Start-up process

If it is decided to undergo surgery to replace the hip joint, it will generally take a number of weeks after this decision before the operation is performed. Some things are arranged in advance, such as blood collection and a conversation with the pharmacist and anesthetist. The prospective patients receive all kinds of information about the dos and don’ts before and after the operation. For example, you must not have any wounds on your legs or pubic area before the operation. After hip surgery, certain movements should not be performed at first because there is a chance that the hip will dislocate.

A new hip

After the operation, the patient receives an infusion of morphine, which he can arrange himself. Of course there is protection against excessive use.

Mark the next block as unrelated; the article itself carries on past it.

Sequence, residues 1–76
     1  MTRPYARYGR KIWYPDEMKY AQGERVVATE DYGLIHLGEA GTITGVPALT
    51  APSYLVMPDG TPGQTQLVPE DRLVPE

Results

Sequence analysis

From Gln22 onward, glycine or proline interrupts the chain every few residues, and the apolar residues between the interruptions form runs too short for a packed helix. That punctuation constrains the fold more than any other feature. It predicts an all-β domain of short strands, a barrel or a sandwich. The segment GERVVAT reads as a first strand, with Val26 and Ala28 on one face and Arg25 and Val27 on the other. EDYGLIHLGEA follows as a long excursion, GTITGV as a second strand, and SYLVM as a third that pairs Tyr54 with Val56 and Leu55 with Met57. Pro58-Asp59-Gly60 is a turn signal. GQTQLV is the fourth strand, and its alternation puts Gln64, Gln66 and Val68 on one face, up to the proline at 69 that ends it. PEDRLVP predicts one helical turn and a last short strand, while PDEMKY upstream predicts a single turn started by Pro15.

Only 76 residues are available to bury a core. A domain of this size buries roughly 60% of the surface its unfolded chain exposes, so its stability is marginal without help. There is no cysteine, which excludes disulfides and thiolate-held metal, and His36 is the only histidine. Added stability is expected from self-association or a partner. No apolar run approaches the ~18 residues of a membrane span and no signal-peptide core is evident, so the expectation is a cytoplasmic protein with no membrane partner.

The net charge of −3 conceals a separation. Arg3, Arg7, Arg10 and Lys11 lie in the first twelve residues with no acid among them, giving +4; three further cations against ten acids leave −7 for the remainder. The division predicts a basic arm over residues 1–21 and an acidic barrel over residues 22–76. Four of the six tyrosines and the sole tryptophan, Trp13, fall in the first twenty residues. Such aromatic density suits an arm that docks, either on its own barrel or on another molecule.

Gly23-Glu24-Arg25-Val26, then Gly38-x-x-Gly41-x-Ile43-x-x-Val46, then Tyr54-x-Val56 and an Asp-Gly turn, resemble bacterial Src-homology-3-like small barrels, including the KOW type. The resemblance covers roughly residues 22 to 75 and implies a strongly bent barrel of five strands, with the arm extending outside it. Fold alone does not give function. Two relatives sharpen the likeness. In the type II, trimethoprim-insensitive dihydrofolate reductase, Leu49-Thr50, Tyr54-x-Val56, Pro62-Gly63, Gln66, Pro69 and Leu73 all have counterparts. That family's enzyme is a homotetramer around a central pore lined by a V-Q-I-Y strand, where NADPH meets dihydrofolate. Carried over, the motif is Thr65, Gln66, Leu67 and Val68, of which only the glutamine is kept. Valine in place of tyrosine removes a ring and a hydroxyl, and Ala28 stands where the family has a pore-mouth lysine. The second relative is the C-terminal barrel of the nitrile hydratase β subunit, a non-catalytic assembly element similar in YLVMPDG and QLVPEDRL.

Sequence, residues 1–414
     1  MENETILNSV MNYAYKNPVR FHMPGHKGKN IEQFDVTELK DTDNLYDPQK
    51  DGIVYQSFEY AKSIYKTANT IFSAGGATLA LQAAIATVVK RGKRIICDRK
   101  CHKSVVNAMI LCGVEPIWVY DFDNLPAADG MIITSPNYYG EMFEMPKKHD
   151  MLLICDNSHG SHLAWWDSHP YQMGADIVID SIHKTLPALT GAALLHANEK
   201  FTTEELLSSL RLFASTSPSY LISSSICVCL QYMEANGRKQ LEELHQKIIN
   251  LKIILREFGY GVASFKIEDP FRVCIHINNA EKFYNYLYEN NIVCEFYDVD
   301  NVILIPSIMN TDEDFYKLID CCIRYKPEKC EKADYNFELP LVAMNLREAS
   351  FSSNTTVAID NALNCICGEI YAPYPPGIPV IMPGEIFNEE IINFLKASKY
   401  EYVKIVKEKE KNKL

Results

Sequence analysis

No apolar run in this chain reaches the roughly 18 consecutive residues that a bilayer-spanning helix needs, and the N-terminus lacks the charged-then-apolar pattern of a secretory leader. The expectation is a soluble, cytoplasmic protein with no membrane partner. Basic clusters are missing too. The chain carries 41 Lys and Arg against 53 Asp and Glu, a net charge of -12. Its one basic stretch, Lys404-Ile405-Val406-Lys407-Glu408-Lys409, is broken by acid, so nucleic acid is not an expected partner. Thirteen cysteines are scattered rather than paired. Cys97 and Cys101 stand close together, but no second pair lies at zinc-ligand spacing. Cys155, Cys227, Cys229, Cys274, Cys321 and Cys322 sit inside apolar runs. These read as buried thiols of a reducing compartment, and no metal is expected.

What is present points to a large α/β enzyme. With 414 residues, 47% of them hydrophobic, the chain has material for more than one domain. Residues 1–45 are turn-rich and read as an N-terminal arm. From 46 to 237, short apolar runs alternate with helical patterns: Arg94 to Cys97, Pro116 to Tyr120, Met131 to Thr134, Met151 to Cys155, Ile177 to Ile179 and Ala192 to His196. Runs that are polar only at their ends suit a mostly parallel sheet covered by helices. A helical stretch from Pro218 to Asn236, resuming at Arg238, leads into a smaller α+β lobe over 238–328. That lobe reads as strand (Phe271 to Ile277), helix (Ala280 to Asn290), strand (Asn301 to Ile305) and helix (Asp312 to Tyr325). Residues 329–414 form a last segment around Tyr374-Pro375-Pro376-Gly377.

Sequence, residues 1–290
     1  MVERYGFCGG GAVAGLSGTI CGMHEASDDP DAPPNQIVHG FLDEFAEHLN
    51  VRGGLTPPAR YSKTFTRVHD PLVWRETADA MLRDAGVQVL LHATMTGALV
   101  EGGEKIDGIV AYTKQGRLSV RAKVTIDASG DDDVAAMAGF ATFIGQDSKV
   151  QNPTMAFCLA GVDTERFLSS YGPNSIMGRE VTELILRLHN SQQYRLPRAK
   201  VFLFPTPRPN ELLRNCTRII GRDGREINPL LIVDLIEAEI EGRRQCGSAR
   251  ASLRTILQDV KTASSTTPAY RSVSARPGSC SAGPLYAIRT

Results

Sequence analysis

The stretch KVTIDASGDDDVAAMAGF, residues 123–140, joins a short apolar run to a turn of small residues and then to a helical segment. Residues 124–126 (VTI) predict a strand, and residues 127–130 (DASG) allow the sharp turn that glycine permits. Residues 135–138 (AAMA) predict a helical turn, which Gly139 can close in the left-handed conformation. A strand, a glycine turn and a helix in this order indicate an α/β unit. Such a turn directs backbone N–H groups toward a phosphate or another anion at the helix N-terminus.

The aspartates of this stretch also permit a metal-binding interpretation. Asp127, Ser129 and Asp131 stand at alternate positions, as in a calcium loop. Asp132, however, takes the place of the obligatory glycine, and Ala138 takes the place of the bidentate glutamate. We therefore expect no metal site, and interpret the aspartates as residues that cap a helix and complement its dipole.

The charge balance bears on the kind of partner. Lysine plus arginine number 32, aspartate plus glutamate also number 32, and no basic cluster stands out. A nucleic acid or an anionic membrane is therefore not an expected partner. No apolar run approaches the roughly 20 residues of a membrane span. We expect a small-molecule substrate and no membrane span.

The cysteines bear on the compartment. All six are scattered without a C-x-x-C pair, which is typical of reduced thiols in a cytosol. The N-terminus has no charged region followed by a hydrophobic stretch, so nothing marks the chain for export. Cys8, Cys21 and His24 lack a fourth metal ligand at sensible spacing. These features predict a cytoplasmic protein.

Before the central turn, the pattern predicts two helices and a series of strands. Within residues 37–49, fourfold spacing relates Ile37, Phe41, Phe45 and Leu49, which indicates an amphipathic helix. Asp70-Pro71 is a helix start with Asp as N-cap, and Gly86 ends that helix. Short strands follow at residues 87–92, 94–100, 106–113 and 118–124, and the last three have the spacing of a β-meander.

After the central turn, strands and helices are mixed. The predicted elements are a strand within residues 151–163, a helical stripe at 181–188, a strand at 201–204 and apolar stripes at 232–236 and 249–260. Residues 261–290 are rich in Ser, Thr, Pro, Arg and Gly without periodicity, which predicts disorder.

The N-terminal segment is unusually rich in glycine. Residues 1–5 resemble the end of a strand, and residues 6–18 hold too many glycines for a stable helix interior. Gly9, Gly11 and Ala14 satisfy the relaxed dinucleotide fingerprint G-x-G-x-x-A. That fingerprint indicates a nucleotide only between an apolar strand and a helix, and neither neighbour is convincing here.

The next day you have to get out of bed immediately, and as soon as the IV has been removed, crutches are provided. The physiotherapist appears at the bedside and focuses primarily on skills to promote self-reliance, so that the patient can manage at home. This includes advice on how to walk with crutches and, for example, learning to climb stairs. After an average of 5 days, the patient can go home and rehabilitation begins with their own physiotherapist. He will work on walking patterns, strengthening and control of the muscles, etc. 6 weeks after the operation there is a check-up with the surgeon, during which photos are also taken, and another check-up after 12 weeks. The next appointment will only be after 10 months.

Home again

During the first few days, the patient may experience severe bruising in the leg, which may turn completely purple. The fluid also sinks, so it is advisable to keep the leg elevated when in a rest position. In between, it is advisable to often walk short distances or do exercises.